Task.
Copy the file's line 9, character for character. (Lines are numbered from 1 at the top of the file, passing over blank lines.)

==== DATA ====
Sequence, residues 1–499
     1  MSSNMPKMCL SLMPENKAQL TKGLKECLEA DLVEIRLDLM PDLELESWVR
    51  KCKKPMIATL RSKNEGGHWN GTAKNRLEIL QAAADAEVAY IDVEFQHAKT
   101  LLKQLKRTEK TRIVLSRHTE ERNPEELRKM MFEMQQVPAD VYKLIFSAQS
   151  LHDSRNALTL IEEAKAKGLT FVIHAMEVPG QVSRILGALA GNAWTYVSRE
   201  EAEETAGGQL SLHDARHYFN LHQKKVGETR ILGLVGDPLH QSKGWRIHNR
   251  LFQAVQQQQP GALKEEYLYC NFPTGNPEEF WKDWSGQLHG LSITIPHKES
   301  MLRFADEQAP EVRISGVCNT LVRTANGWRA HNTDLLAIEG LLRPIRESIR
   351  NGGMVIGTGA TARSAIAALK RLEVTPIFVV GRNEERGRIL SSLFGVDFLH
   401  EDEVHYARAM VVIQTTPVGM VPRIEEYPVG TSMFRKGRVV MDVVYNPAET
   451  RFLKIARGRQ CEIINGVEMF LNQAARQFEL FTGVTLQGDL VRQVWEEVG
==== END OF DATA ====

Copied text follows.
   351  NGGMVIGTGA TARSAIAALK RLEVTPIFVV GRNEERGRIL SSLFGVDFLH